Flying into a storm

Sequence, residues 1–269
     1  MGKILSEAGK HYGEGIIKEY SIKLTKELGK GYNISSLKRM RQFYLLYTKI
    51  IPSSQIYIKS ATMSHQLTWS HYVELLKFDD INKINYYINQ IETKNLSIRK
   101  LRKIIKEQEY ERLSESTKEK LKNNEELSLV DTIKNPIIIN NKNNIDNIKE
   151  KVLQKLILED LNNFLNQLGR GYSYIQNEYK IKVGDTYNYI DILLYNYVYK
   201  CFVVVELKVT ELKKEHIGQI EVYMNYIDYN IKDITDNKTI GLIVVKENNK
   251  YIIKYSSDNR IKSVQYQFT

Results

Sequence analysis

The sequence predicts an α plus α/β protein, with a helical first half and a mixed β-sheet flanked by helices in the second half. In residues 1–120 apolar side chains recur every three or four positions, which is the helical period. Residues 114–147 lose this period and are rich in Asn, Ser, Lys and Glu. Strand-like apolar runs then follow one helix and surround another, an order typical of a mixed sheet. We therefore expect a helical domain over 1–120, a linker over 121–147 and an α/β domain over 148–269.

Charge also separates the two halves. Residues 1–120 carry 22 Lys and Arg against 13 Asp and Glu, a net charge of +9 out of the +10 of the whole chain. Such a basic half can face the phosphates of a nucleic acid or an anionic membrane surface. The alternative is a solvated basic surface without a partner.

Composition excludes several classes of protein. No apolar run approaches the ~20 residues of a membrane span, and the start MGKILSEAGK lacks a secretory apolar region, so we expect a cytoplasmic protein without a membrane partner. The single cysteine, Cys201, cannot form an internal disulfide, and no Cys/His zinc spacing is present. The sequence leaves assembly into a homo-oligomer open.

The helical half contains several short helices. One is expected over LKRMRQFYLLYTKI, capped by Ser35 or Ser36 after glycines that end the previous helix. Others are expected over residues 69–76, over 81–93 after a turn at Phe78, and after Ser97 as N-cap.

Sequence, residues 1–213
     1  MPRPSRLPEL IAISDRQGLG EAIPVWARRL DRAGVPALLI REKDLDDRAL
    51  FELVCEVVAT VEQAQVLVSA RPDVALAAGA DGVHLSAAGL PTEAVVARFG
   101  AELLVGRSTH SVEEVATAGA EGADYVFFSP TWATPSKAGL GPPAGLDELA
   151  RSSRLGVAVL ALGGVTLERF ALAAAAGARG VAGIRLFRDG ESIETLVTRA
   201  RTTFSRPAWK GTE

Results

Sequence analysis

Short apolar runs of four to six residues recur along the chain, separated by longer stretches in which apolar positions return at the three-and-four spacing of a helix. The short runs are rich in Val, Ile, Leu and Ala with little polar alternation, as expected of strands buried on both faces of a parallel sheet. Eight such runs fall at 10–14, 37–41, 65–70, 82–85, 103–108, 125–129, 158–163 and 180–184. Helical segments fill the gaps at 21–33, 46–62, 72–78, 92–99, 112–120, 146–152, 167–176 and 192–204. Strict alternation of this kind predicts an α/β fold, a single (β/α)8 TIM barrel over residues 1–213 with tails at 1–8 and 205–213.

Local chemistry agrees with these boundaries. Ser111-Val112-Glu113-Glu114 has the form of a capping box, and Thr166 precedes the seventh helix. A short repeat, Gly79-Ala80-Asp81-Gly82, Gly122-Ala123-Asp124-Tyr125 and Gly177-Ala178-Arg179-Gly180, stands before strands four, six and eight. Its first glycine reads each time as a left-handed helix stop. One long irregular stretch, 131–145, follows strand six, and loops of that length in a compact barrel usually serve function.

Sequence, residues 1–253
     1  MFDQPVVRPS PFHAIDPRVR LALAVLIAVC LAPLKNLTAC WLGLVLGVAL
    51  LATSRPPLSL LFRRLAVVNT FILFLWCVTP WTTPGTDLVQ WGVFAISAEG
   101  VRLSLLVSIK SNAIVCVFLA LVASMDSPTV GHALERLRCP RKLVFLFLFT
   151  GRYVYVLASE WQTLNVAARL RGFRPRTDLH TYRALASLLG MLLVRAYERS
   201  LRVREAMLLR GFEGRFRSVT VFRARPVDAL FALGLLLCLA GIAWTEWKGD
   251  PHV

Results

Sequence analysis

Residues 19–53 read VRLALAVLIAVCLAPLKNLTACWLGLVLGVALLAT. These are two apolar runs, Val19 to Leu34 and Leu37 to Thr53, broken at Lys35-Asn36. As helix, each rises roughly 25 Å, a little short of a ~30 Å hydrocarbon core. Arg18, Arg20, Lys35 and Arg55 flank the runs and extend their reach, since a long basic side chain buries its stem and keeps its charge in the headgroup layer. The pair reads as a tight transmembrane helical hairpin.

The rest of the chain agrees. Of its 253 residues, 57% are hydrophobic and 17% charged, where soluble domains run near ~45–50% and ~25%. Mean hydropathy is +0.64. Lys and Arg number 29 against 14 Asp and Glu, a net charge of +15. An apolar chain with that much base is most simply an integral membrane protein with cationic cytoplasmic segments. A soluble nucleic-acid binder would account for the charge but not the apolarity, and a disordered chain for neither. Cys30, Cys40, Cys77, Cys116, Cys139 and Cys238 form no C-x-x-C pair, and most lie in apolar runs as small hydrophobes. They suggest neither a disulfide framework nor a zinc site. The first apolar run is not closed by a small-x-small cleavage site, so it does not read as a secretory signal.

Delta became the first airline to release financial results showing the early effects of the coronavirus pandemic on travel businesses, but data from several sources shows how much worse things will get for airlines in the months ahead. Delta’s $534 million loss in the first three months of the year — its first quarterly setback in more than five years — mostly covered a period before the pandemic caused air travel within the U.S. to plummet. As passenger numbers plunged, airlines cut flights. Data firm Cirium says that worldwide airlines have grounded nearly 17,000 planes, or 64% of the global fleet. That’s not enough. Figures from Airlines for America, a trade group, show that on average there are now only about 12 passengers per domestic flight. Normally it’s about 100. The percentage of seats filled by paying customers has dropped into the teens. As other airlines hold conference calls over the next week, investors will listen for news about plans to boost liquidity enough to ride out the pandemic. Government aid — more than $19 billion so far to Delta, American, United and Southwest — will help. Either way, the airlines will be smaller after COVID-19.